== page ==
The Executive Board this session advanced legislation creating a special committee to oversee the state Department of Correctional Services and a task force to research the public health effects of alcohol sales on the Whiteclay community.
LR127, introduced by Omaha Sen. Bob Krist and adopted 28-11, creates a new Nebraska Justice System Special Oversight Committee. The committee will continue to study the issues addressed by previous investigative committees and review the role of state agencies and their involvement in the justice system.
The Executive Board will appoint six members of the Legislature to serve on the committee, with the chairperson of the Judiciary Committee serving as chairperson. The committee will brief the Judiciary and Appropriations committees in December 2017 and 2018 and issue a final report of recommendations to the Legislature before disbanding Jan. 19, 2019.
A special task force proposed to research the public health implications of alcohol sales on the unincorporated village of Whiteclay also was approved.
LB407, introduced by Lincoln Sen. Patty Pansing Brooks, will examine the impact of alcohol sales in Whiteclay and its surrounding communities and make recommendations to the Legislature on how to solve the economic and social issues. Members of the task force will collect, examine and analyze data on fetal alcohol syndrome rates, access to treatment services and the risk of alcoholism for children raised in the area.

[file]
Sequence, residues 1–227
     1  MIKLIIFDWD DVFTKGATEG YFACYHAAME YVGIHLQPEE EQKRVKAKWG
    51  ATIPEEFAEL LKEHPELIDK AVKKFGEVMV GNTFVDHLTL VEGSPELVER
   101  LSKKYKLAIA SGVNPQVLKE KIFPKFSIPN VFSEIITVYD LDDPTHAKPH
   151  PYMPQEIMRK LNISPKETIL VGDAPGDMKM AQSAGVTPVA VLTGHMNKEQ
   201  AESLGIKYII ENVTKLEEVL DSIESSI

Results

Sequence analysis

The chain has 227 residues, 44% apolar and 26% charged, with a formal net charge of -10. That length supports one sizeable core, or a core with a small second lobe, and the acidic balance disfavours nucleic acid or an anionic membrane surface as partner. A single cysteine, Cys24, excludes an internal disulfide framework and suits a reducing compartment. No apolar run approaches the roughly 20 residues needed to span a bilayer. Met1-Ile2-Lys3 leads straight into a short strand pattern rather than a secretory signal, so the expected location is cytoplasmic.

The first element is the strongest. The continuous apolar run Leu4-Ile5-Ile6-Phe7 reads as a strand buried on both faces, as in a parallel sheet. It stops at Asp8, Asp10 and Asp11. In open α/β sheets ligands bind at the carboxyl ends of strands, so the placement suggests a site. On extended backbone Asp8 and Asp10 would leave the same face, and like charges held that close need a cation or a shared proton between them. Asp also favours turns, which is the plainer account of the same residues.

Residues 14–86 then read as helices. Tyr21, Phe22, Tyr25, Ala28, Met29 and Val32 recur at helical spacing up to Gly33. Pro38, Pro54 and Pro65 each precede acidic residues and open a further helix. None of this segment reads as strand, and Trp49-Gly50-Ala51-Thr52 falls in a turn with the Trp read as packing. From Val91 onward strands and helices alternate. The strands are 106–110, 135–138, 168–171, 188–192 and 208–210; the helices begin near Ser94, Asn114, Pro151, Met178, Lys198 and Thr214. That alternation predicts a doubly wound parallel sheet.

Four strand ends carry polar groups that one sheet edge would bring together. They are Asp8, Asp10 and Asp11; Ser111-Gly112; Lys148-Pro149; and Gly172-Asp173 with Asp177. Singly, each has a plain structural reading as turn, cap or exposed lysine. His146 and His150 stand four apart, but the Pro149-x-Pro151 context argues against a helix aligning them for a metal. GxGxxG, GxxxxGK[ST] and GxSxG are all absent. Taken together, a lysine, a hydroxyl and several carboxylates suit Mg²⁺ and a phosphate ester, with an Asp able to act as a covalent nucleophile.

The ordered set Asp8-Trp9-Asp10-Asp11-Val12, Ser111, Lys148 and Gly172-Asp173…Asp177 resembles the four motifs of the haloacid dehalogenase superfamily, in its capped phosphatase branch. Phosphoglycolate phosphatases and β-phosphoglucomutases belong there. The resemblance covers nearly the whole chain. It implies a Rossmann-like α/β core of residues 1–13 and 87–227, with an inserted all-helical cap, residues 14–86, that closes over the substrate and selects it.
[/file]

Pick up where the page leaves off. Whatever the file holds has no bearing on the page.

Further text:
The task force will include the chairperson of the Legislature’s State-Tribal Relations Committee and the chairpersons of the Health and Human Services, Appropriations and Judiciary committees or their designees. An additional member of the State-Tribal Relations Committee also will serve on the task force.
The Legislature approved the task force 48-0.
Lawmakers also advanced a bill that expands the reporting requirements of the inspector general of the Nebraska correctional system.
Currently, the inspector general’s office investigates allegations of possible misconduct, malfeasance, statute violations, injury and deaths that occur in the state’s facilities. The findings are then published in the office’s annual report.
LB539, also introduced by Krist, expands the reporting requirement to include all cases that result in death, serious injury, hospitalization or urgent medical treatment required by an employee acting in his or her official capacity.
The inspector general may release investigative findings if it is determined to be in the public’s best interest. The bill also protects employees who provide information for such a report from negative employment consequences.
The bill passed 42-2.
The committee also advanced a bill that directs the state to donate 43 acres of excess land at the Norfolk Regional Center to Northeast Community College.
Introduced by Norfolk Sen. Jim Scheer, LB376 requires the state Department of Administrative Services to seek authorization from the governor and the Legislature to donate the land, which will be used to develop a technology park.
If the community college sells the property within 10 years after the donation, all proceeds will be remitted to the state’s General Fund.
The bill passed on a 43-0 vote and takes effect immediately.